“That's right, that's right,” Reverend Owens urged into the microphone as he skipped his short, rotund frame across the pulpit in jubilance. “That's what Sister Essie would have wanted! Praise Him, everybody. Another one of God's children done made it in. Praise Him!”
That took the service to a whole new level. The few ushers who hadn't gotten caught up in the spirit themselves, raced to keep the runners from colliding into one another and the dancers from becoming an entangled pile of flesh. Even the children took advantage of the opportunity to scream and jump around energetically without being reprimanded or made to take a seat. The fact that Essie's death was no reason to mourn or weep had all at once become clear to almost everyone in the fifty-year-old edifice.
In all of their spiritual rejoicing, the pastor and members of the Temple of God's Word didn't detect the still heartbroken first-time visitors who sat together on the padded pew in the rear of the church. With just over two hundred members, the five guests, four of which hadn't been on the inside of a church in years, went unnoticed. Neither the pastor nor the members saw Elaine's tears or Mason's confusion. They didn't realize Jennifer's despair or T.K.'s anguish at seeing the suffering of his friends. And not one of the dancing worshippers noticed the fourteen-year-old boy who was so angry at their joy that he couldn't stand to spend one more moment inside the walls of the church where Essie used to spend her Sunday mornings.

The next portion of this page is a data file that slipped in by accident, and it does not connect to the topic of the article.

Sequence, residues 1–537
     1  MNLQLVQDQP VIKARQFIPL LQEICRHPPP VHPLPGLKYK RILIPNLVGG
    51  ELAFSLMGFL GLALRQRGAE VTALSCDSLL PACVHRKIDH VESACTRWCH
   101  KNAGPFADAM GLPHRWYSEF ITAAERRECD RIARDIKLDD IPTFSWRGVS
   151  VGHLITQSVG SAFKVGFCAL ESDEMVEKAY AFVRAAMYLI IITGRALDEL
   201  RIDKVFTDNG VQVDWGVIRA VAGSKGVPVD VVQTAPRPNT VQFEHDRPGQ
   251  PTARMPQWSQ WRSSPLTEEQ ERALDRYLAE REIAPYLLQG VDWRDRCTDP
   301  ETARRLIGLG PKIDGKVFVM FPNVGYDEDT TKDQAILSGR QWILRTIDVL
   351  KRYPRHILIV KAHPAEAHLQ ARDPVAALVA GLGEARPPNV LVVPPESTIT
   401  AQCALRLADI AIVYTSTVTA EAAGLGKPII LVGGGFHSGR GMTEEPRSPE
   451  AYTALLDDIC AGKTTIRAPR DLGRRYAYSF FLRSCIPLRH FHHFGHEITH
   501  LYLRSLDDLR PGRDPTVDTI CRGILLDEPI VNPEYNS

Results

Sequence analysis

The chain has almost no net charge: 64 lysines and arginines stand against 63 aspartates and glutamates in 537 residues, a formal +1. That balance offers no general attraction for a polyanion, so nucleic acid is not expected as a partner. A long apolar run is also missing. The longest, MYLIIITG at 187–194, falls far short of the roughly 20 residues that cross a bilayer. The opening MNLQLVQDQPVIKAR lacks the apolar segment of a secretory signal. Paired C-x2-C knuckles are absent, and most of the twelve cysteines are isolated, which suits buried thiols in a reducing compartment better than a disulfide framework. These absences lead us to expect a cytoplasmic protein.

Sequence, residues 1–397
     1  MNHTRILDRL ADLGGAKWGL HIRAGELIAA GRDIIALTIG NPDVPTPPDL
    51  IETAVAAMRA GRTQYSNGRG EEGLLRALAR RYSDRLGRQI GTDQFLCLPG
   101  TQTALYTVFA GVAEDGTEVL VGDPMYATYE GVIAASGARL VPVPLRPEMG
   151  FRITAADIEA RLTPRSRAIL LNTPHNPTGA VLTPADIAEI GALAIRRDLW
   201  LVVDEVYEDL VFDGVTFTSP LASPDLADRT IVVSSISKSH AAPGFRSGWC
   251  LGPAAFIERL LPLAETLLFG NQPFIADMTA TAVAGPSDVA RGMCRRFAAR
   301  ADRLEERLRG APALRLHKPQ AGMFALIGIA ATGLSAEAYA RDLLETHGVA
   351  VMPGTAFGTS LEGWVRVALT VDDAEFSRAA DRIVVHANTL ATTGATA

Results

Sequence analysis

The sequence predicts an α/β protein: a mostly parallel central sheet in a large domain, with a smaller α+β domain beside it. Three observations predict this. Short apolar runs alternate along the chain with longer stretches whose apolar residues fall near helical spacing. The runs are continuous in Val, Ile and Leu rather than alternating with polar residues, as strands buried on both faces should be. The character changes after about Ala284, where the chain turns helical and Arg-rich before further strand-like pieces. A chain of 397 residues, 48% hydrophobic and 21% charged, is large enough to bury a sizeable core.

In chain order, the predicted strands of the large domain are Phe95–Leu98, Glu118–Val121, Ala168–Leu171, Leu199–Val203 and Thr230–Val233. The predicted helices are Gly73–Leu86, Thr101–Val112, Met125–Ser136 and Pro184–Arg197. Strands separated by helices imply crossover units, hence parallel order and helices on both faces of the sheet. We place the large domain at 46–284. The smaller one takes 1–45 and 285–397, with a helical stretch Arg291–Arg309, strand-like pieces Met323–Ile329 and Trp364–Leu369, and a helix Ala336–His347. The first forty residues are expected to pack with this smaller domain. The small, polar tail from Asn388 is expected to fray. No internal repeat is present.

Before his mother could stop him, Jerrod dashed for the exit doors, removed his new dress shoes and ran barefooted; more than five miles toward home.